Long QT syndrome is a congenital disorder characterized by a prolongation of the QT interval on electrocardiograms and a propensity to ventricular tachyarrhythmias, which may lead to syncope, cardiac arrest, or sudden death.
symptoms include Long QT syndrome is usually diagnosed after a person has a cardiac event (eg, syncope, cardiac arrest). In some situations, this condition is diagnosed after a family member suddenly dies. In some individuals, the diagnosis is made when an electrocardiogram shows QT prolongation.
Treatment :All patients with long QT syndrome (LQTS) should avoid drugs that prolong the QT interval or that reduce their serum potassium or magnesium level. Potassium and magnesium deficiency should be corrected. Although treating asymptomatic patients is somewhat controversial, a safe approach is to treat all patients with congenital LQTS because sudden cardiac death can be the first manifestation of LQTS. Beta-blockers are drugs of choice for patients with LQTS.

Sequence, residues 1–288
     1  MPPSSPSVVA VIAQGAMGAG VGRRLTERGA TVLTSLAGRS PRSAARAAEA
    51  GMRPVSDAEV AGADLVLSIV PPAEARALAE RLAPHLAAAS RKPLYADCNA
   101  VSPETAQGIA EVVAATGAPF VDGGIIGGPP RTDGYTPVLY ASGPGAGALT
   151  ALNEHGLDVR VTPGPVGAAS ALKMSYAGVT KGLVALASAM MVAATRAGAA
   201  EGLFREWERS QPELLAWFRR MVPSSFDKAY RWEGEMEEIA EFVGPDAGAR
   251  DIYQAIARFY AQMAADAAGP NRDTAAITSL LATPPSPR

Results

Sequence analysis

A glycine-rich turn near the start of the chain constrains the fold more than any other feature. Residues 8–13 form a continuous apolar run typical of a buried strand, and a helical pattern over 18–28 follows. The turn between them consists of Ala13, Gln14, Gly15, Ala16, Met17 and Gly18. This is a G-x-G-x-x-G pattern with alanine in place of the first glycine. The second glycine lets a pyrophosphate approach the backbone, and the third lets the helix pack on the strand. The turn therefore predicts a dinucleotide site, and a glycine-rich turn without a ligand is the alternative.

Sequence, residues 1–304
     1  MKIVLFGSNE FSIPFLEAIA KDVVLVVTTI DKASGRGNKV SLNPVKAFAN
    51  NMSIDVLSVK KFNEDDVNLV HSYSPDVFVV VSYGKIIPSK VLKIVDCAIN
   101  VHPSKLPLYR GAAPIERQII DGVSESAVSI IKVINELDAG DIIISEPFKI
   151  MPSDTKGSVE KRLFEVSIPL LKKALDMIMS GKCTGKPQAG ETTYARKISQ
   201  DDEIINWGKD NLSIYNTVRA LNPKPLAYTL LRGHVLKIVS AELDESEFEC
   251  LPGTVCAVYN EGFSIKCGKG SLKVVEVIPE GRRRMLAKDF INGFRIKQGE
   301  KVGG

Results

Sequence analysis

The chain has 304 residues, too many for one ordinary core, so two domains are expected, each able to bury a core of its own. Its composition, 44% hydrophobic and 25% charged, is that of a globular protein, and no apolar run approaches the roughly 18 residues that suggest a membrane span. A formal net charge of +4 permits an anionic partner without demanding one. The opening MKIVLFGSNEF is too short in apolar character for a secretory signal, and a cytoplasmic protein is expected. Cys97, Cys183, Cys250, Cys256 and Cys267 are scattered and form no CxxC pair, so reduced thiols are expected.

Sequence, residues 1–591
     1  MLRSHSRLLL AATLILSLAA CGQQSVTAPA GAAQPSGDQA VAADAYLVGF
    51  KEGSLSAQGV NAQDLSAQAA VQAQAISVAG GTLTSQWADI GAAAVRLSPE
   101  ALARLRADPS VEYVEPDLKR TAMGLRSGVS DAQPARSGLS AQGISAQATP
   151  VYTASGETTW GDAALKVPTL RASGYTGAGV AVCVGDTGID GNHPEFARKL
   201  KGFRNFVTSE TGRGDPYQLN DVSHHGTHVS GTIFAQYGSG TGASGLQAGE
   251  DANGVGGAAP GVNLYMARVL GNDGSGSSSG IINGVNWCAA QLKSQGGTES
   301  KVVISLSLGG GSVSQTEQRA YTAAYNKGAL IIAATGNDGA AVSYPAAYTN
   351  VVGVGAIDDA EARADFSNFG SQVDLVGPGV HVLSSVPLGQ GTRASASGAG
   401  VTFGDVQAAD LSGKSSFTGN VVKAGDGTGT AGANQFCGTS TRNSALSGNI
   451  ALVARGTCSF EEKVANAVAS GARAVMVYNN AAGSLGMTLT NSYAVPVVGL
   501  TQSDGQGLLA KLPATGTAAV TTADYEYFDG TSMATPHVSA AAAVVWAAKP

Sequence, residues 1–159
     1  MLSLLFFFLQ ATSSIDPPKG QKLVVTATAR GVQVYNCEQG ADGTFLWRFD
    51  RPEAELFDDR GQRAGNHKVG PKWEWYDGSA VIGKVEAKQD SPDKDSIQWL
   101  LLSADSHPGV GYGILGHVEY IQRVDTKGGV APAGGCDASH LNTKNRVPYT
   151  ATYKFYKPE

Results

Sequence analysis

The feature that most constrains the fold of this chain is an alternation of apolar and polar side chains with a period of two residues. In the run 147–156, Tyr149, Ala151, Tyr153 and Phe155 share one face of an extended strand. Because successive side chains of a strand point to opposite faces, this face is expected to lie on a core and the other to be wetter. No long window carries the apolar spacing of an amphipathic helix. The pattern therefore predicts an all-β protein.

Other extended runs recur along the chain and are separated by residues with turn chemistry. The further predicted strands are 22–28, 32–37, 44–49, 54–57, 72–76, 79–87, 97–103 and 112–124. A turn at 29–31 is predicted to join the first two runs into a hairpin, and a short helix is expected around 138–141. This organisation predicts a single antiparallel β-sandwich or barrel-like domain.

The first member of a family to be identified with LQTS, the proband, was usually brought to medical attention because of a syncopal episode during childhood or teenage years. Probands (n = 328) were younger at first contact (age 21 +/- 15 years), more likely to be female (69%), and had a higher frequency of preenrollment syncope or cardiac arrest with resuscitation (80%), congenital deafness (7%), a resting heart rate less than 60 beats/min (31%), QTc greater than or equal to 0.50 sec1/2 (52%), and a history of ventricular tachyarrhythmia (47%) than other affected (n = 688) and unaffected (n = 1,004) family members.
We included 114 patients in the study. The mean age was 49±17 years. Brain neoplasm was the surgical indication in 90% of the patients. The mean QTc was 470±42 ms. Prolonged QTc was found in 71% patients. The heart rate-corrected QT interval was between 450 ms and 500 ms in 52% and >500 ms in 19% of the patients. The heart rate and concentration of serum glucose were higher in the prolonged QTc group. Only 7•5% of all patients had hypokalemia (≤3 mEq/l). In the prolonged QTc group 9•2% had hypokalemia compared to 3•2% in normal QTc patients (P = 0•406).